Amidst the pandemic-forced lockdown, the Prime Minister announced the Svamitva scheme on April 24, a.k.a. Panchayati Raj Day to update rural land records. This scheme aims to map rural inhabited lands through latest survey methods and drones. The idea of this scheme was triggered by the fact that land records, especially maps, are either inaccurate or do not exist for vast areas across the country. For an average observer, this may not seem to be the most critical action area, yet believe it or not, this actually, is one of the fundamental reforms required and has very far-reaching consequences in long term.
Lack of accurate land records can be felt most acutely in times of crisis, for instance, Cyclone Amphan has devastated vast expanses of coastal Odisha and West Bengal, and left millions homeless. Any relief efforts aimed at helping people rebuild their homes would benefit hugely from land records that identify who lived where, and the boundaries and extent of their land. In the absence of these, there is the danger of the weakest sections losing out on the little they had, with no ability to claim compensation from the government.
Land records play an important role in the financial immunity of the Gram Panchayats as well. Gram Panchayats that can generate their revenues will be able to invest in the needs of their local communities. However, Gram Panchayats usually have a poor track record of generating revenues, especially through property tax. And this was proved statically as well for according to the 2018 Economic Survey, only 19% of the potential property tax was being collected by Gram Panchayats. One possible reason for low collection can be interpreted as the lack of data about the properties, which helps to determine the administration: where are they located, are they residential or commercial, what should be the appropriate tax value, and who should be taxed.
The Svamitva, Survey of Villages and Mapping with Improvised Technology in Village Areas Scheme launched by the Ministry of Panchayati Raj aims to address this gap by creating a database of all rural properties. The scheme aims at a pan-India cadastral survey facilitated by drones, followed by the issuance of property cards to those living in Abadi areas (inhabited rural land). In the long run, it is hoped that the land records would help people to leverage property as an asset to avail loans and will also aid the overall rural planning processes. Over the last two years, pilot cadastral survey projects yielded successful results in pilot locations in Haryana and Maharashtra, where property cards were issued.
As the state and central governments gear up to implement this scheme, it will be important to ensure the programme includes four key things:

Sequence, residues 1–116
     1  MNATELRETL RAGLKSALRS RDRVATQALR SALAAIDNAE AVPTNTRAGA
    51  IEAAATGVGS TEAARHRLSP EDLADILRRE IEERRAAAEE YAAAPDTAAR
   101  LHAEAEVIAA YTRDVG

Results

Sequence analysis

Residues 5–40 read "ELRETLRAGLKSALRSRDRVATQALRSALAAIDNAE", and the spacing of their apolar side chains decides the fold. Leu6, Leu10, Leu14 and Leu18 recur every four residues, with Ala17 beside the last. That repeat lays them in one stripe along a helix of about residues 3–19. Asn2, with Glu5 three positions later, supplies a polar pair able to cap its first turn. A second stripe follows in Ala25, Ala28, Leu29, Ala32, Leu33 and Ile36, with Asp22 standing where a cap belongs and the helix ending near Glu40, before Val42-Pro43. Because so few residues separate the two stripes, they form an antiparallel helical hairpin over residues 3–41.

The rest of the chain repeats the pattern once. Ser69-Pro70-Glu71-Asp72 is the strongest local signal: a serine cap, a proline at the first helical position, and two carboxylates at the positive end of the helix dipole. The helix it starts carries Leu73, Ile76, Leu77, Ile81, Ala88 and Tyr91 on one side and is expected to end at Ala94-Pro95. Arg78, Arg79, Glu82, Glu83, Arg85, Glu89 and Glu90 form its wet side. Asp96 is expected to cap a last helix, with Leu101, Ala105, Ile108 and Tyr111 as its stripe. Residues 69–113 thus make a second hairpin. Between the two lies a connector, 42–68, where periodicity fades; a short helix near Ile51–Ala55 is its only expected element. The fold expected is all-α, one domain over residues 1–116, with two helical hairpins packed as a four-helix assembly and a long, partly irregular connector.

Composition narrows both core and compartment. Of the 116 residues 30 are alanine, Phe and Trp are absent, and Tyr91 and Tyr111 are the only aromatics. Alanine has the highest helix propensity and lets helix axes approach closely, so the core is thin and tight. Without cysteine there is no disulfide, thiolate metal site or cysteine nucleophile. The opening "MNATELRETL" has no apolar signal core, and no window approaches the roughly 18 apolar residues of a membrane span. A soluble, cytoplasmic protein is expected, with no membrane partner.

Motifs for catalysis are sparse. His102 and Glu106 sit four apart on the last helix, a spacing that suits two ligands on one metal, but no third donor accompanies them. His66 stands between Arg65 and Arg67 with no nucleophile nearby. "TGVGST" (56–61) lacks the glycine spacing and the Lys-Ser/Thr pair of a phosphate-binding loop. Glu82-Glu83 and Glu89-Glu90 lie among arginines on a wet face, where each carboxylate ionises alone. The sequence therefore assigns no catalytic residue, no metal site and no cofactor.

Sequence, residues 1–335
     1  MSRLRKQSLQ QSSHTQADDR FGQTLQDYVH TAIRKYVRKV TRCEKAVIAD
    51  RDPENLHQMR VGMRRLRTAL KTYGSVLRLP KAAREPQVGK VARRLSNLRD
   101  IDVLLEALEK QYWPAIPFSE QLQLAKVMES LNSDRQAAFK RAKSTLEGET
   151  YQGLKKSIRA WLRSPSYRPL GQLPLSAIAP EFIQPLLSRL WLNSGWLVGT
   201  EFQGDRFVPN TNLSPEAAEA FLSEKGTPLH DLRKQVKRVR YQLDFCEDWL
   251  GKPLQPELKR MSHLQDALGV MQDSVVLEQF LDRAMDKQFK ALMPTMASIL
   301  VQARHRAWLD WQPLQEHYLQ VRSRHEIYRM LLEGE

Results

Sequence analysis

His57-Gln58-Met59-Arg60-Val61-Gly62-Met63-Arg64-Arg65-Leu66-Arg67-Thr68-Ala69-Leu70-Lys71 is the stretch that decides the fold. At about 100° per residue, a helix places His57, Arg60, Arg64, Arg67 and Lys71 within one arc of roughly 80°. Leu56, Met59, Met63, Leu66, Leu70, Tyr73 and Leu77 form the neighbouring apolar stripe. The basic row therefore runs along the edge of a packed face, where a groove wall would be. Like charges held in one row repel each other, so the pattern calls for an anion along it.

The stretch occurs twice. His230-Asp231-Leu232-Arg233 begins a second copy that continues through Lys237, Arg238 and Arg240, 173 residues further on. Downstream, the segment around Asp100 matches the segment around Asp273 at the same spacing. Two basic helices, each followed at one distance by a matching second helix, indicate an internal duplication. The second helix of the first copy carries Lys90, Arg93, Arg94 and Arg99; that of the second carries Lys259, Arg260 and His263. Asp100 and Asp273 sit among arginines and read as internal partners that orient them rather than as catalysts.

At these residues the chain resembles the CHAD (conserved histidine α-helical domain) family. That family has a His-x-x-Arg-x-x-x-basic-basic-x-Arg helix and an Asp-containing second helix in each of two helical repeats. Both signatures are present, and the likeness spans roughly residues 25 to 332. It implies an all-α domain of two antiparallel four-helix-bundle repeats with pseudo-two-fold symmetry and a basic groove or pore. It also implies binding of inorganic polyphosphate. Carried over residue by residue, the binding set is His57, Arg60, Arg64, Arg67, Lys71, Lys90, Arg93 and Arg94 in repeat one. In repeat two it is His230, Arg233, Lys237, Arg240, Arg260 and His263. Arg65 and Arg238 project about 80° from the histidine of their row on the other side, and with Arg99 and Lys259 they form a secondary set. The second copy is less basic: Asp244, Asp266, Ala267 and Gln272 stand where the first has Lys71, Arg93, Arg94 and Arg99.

Engaging the community from the start
By involving the community, it is possible to create greater acceptance of the process and reduce the potential for disputes. When the land boundaries are drawn by the people themselves, there is a high level of transparency and the neighbours act as a check and balance for the same while building consensus on boundaries. This was witnessed in drone mapping pilots in Maharashtra where the survey department asked people to mark their boundaries, in a bottom-up approach. In a similar exercise under Odisha’s Jaaga Mission, slum residents were involved in the boundary demarcation of their communities that also resulted in wider acceptance of the government’s efforts to create digital maps of the slums and a low incidence of disputes.
Protect the most vulnerable section:
Land often has deep roots in social power structures, including caste and gender biases. Dalits, women, tenant farmers and tribal communities are often excluded from accessing land, even though they may legitimately have a claim. It would be important to build safeguards in the implementation process to ensure legitimate claims of the most vulnerable people are not crowded out by louder, or powerful voices. Awareness drives to familiarize people with digital land records, how to interpret and access them, also need to be built into the program to avoid information asymmetry and ensure access across user groups.
Establish a grievance redressal system
Even with the best of intentions, the process may create grievances for some people. Drawing learnings from Odisha’s Kalia and Mo Sarkaar programmes, a grievance redressal system that effectively addresses people’s concerns transparently and fairly, will go a long way in smooth implementation of the program.
Enable markets to work
It would be simplistic to expect that updated property records alone will make credit flow into rural areas. Credit needs marketable collateral, so it would be important to ensure there is a functional market for the underlying collateral – land. This would require states to simplify the legislative and regulatory procedures to build consumer confidence and encourage transactions in these areas.
Modernising land records is one of the foundational steps towards mending and reimagining broken institutional arrangements, which are pivotal in today’s circumstances. The announcement of this scheme has signalled political will at the Centre to create reliable land records, which has been long overdue. We hope the state and central government will follow through on the actual implementation, which will go a long way towards building financial strength and independence of the local self-governance institutions, the Gram Panchayats.